From the start of our parenting journey, vaccinations are a regular occurrence. It’s not a nice experience for parents or babies but it’s so important to keep these up-to-date. When you have twins, triplets or more, it can be even trickier trying to work out the best way to tackle these appointments.

We’ve put together a few things to consider when taking your babies for their jabs to try and make it as easy as possible.

Consider whether you want to take all your babies to the same appointment or if you would like them being vaccinated separately.

  • It’s unlikely that the babies will have any major adverse side effects from the injections, but they can often feel a little under the weather. If they’re all vaccinated at the same appointment, that could be two, three or four babies all wanting extra attention afterwards.
  • Consider the time of the day. If the injections are in the morning, you can keep an eye on them rather than them going to bed soon after the vaccines. This might not be an option, but worth considering / asking if you feel strongly about it.
  • Think about what you dress them in. Wearing an easy access baby grow will make it simpler to undress and redress and be more comfortable for the babies following the injections.

If you decide you do want to get them vaccinated at the same time, some further points to consider.

  • Make sure when you book the appointment, the health professionals are aware they are twins or triplets and you’ll be coming with them all. That way, they’ll hopefully be properly prepared for you.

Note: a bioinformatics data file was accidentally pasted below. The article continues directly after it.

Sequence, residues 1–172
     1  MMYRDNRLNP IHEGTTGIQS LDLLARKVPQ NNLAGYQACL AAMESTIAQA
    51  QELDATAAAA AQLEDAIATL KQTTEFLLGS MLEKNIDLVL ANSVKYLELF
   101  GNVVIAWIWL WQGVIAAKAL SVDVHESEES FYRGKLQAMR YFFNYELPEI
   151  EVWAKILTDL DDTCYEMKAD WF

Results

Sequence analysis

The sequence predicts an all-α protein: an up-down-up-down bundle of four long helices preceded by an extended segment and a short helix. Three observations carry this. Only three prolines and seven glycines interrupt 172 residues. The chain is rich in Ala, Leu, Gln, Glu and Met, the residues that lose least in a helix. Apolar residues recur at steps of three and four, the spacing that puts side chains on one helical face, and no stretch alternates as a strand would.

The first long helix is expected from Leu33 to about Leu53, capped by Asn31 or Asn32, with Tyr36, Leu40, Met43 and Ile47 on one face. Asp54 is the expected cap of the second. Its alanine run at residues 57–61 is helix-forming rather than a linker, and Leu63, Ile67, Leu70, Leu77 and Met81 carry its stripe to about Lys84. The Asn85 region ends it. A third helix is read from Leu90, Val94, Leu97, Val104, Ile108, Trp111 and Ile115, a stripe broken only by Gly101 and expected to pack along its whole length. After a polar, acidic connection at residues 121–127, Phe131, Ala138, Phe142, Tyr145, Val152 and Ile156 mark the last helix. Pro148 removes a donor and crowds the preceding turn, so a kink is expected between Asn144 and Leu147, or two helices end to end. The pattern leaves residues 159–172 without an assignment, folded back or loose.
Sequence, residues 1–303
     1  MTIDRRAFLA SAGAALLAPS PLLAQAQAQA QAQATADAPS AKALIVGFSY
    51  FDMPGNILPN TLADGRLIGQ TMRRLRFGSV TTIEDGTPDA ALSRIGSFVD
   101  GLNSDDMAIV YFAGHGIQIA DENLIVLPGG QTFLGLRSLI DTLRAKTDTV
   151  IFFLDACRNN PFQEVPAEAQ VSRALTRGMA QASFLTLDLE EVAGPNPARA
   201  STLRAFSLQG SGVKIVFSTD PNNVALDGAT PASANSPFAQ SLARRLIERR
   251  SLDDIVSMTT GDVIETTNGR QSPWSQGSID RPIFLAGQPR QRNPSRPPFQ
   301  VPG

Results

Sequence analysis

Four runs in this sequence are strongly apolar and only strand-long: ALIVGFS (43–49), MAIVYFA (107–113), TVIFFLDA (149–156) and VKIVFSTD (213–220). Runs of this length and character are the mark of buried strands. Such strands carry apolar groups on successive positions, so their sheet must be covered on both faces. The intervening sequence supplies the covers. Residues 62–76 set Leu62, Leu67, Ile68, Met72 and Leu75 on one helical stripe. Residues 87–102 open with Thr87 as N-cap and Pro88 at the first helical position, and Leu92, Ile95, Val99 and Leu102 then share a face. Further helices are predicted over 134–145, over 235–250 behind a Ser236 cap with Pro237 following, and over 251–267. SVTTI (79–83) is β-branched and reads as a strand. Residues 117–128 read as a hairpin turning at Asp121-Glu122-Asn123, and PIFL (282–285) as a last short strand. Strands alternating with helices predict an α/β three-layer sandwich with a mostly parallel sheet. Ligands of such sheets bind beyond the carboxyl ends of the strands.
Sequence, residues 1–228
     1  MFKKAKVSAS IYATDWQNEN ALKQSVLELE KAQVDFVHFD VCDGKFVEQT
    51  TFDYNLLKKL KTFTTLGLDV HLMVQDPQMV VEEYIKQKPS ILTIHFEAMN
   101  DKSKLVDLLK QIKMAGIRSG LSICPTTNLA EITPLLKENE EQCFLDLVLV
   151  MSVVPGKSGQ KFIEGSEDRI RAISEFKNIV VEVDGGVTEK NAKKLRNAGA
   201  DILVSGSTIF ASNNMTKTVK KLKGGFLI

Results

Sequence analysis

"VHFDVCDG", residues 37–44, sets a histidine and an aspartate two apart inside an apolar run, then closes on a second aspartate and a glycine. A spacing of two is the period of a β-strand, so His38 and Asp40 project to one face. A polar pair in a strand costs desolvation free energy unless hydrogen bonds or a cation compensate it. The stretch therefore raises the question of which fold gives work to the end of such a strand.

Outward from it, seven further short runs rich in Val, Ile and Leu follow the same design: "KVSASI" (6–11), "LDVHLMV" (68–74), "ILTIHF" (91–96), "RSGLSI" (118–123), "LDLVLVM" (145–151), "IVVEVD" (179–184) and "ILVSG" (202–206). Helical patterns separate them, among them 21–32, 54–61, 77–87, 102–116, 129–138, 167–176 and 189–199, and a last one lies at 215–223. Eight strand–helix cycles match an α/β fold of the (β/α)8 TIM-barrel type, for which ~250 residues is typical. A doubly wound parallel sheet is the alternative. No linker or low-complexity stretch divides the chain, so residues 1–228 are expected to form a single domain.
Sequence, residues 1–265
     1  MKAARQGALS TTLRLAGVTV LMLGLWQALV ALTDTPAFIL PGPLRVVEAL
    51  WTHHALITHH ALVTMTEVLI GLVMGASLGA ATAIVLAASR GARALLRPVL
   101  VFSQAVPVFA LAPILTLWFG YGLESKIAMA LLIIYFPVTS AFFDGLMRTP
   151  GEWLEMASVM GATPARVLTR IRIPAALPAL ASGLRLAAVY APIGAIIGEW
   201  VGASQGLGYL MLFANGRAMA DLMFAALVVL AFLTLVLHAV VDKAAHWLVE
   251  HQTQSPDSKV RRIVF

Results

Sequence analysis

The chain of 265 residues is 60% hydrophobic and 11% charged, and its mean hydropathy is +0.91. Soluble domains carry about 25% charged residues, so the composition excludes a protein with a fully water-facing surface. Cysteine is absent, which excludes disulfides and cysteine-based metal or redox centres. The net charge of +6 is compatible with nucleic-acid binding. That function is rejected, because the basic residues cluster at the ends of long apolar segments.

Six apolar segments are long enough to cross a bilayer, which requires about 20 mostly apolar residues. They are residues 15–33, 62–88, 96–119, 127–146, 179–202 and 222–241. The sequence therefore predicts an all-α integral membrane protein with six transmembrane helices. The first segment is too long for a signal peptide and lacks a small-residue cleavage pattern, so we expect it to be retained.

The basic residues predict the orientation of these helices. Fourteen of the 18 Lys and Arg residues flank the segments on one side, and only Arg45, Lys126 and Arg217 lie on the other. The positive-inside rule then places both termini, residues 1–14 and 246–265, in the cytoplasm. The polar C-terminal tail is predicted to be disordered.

• Try and enlist some help: Having someone to help you undress and dress, as well as comfort following the injection is very helpful. If you can’t get any help, some doctors surgeries have extra staff to help but it’s not always offered or available.  Maybe consider having them vaccinated at different times, particularly if you have no support especially if you have triplets or quads.
  • Think about the order you would like them to be vaccinated in. Is one of your babies more placid and you think they’d be more easily settled following it? If so, they might be good to go first. There isn’t a right or wrong, but knowing your babies’ personalities can sometimes make things a little less stressful.
  • Would you like to hold them to have the injection or soothe after? Is there a certain person who your babies settle better with? If so, then that person should probably hold them after the vaccination. If you’re breast feeding, sometimes this can soothe them after the injection so it might be worth having your helper hold them during the vaccination, so you can take them afterwards.
  • If you have three or more babies and only two adults, or twins and only one adult, one baby will have to be put down quite quickly following their injection. Make sure you’ve got something to continue to soothe them, for example a dummy, comforter, a snack or favourite toy (for older babies’ injections).

 

Twins Trust supports the government’s campaign to increase uptake of the MMR vaccine. Two doses of the MMR vaccine provide the best protection against measles, mumps and rubella.